Why Anti Blue?

Decorating By SweetSuzieQ Updated 13 Aug 2011 , 7:54pm by mommynana

SweetSuzieQ Posted 12 Aug 2011 , 3:23pm
post #1 of 40

This is totally a random question but, I have heard on more than a few times comments about how blue is a no-no in the pastry world and, I'm just wondering if anyone else has heard this and, if so, the reason why? I'm guessing maybe it is an esthetic thing but, was curious on the background.

39 replies
bobwonderbuns Posted 12 Aug 2011 , 3:30pm
post #2 of 40

Huh! I've never heard that. That doesn't mean it's not out there though. Well I'll take a guess here -- the amount of naturally "blue" foods are pretty limited (I'm thinking blueberries, blackberries and that's about it.) I'm sure there's something else blue out there but it's not coming to mind. Which is probably why they say "no blue" in the pastry world -- it's not a natural "food" color found in abundance. But as I say, it's just a guess. Anyone else? icon_biggrin.gif

kimmisue2009 Posted 12 Aug 2011 , 3:31pm
post #3 of 40

Several years ago, I read a book by Erma Bombeck who said, and I quote "There is no known blue food." I do not even remember the context, but it has stuck with me. That probably has precious little to do with the price of tea in China, but sometimes things can start as small as that.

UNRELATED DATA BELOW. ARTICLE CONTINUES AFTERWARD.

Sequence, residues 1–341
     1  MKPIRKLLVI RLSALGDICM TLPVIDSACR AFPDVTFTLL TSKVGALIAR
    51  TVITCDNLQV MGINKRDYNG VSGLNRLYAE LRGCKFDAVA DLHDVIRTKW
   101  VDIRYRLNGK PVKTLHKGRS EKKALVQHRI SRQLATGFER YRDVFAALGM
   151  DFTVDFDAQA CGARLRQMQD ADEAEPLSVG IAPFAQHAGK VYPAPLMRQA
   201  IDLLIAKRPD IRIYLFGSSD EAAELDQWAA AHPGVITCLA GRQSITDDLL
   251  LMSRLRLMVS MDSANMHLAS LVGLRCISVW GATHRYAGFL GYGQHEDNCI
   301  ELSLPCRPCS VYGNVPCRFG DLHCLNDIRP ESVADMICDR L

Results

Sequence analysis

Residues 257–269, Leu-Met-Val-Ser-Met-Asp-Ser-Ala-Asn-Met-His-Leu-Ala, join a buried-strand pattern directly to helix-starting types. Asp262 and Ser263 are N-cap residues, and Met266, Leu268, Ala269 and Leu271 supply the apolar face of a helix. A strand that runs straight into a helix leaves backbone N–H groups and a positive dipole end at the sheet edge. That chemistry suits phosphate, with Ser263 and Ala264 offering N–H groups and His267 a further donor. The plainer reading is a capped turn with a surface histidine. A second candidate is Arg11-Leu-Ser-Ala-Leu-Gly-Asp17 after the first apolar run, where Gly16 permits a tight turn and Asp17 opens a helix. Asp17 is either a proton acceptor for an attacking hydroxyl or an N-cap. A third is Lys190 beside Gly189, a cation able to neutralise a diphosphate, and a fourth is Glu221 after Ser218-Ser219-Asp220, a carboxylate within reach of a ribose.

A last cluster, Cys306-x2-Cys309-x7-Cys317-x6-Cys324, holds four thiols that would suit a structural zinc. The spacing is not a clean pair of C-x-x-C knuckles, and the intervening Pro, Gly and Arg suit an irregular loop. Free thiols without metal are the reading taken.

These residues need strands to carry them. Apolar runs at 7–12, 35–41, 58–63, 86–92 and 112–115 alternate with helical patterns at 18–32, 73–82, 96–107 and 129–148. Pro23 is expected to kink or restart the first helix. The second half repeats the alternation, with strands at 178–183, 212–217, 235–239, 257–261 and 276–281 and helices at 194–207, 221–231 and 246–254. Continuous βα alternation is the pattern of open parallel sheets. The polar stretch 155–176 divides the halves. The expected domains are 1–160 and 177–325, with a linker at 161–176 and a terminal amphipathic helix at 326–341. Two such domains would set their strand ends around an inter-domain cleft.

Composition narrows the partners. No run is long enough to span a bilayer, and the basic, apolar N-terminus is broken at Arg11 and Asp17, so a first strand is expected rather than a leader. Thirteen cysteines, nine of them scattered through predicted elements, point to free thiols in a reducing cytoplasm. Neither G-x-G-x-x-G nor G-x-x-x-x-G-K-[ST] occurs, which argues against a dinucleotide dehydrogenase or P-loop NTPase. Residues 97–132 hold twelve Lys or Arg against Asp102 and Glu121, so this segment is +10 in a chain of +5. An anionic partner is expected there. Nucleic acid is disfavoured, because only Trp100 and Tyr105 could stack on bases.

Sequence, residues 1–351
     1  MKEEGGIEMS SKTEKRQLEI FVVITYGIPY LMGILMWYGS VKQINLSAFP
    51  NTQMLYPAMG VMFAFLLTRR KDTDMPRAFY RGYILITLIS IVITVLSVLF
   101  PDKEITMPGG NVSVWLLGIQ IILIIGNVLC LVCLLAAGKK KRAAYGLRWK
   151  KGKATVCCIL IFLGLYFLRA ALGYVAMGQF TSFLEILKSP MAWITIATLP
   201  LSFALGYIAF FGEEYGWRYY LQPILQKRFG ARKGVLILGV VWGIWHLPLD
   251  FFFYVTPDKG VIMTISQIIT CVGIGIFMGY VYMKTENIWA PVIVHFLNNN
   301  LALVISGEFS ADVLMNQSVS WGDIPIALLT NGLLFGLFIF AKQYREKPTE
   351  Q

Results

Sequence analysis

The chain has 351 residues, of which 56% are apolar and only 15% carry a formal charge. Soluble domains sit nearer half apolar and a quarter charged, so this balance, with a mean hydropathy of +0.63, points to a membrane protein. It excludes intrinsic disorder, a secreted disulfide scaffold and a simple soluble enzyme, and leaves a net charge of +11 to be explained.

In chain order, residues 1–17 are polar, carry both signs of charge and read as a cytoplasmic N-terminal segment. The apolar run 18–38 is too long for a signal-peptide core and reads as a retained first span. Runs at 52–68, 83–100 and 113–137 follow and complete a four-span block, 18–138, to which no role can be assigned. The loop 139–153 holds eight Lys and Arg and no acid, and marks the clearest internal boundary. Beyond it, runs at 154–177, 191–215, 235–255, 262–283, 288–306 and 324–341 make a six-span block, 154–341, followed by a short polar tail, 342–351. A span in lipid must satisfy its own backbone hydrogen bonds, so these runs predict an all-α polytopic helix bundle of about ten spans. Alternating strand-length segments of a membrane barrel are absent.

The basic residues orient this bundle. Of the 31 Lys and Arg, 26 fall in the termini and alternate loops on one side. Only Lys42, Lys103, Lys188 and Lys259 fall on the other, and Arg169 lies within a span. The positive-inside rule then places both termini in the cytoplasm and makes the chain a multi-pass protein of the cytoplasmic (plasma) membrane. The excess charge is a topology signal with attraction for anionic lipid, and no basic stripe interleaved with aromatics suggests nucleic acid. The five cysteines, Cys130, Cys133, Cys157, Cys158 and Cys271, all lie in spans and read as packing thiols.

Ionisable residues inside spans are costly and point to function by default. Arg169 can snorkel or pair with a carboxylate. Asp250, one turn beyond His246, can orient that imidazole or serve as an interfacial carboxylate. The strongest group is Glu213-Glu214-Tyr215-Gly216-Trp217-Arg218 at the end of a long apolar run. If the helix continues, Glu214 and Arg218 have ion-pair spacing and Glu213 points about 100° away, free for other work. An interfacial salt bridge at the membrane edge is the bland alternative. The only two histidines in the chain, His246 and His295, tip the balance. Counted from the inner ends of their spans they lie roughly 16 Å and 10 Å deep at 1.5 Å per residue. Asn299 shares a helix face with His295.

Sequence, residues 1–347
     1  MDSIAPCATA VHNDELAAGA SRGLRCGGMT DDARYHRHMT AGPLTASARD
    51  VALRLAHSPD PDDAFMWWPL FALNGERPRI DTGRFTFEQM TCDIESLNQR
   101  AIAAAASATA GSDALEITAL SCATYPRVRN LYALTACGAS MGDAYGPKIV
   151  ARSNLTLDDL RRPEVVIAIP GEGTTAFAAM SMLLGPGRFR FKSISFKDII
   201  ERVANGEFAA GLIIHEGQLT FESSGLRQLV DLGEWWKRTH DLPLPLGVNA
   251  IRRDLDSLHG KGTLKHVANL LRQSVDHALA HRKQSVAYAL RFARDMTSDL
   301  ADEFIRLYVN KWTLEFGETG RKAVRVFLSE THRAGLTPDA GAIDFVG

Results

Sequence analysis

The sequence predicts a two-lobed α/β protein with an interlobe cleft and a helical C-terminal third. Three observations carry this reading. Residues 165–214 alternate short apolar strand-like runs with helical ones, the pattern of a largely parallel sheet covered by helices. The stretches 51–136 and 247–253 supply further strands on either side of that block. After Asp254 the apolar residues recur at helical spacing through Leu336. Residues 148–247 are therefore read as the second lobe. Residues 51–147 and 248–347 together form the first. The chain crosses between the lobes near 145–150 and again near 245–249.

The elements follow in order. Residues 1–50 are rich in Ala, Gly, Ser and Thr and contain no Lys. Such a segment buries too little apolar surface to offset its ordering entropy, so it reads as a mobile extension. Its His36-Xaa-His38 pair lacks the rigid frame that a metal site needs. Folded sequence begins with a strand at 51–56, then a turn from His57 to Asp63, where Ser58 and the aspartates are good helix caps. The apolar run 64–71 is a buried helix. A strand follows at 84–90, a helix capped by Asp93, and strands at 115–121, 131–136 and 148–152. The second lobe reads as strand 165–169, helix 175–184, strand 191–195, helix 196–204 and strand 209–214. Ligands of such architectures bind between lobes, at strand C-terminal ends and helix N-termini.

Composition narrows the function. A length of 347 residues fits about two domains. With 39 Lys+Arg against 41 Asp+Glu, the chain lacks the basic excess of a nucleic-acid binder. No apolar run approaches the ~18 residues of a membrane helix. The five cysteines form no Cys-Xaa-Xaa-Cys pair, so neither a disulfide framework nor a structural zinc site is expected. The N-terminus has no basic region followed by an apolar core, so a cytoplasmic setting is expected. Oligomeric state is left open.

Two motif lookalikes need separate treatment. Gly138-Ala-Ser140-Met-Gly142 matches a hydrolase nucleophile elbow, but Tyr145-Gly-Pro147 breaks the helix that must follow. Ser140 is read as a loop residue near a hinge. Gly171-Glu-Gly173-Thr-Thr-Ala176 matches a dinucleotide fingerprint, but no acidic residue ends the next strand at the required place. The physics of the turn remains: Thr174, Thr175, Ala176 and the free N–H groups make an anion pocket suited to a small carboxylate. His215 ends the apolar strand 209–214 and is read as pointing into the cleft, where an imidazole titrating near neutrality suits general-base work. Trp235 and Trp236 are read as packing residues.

Unlimited Posted 12 Aug 2011 , 5:31pm
post #4 of 40

I've heard the sameit's not natural.

I was also told the same and to avoid making blue roses because it doesn't (or didn't) occur in nature. (Surely, there are naturally blue hybrids now, but probably not roses!?)

bobwonderbuns Posted 12 Aug 2011 , 5:33pm
post #5 of 40
Quote:
Originally Posted by Unlimited

I've heard the sameit's not natural.

I was also told the same and to avoid making blue roses because it doesn't (or didn't) occur in nature. (Surely, there are naturally blue hybrids now, but probably not roses!?)




I was thinking that too -- there are not an abundance of blue flowers out there! icon_rolleyes.gif

kelleym Posted 12 Aug 2011 , 5:34pm
post #6 of 40

Yes, I think it's blue roses that the purists find particularly appalling. icon_biggrin.gif

Mexx Posted 12 Aug 2011 , 5:47pm
post #7 of 40

Years ago...way back when they taught home economics in school, our teacher told us that you should never make food blue...it was unnatural because there wasn't any blue food. I guess blueberries are the exception, but even those are very dark, bordering on black.

Herekittykitty Posted 12 Aug 2011 , 5:52pm
post #8 of 40

RE: Blueberries, even those aren't really blue. They look blueish whole but once they are cut, mashed, jelled and/or juiced - they are purple.

I can't think of a single food that is truly blue in nature.

southerncross Posted 12 Aug 2011 , 6:06pm
post #9 of 40

Hydrangias, statis, bluebells, delphiniums, iris, borage flowers, pansy and now the genetically engineered blue rose out of Australia (by a Japanese wholly owned subsidiary ) , blue corn and blue potatoes (I've grown some this year that are true blue...not purple). but you are correct, the list is short.

Mexx Posted 12 Aug 2011 , 6:18pm
post #10 of 40

Blue roses are actually white roses that are put into water with food colouring in it. Change the water and the colour will start to leach out of the rose head.

southerncross Posted 12 Aug 2011 , 6:27pm
post #11 of 40
Quote:
Originally Posted by Mexx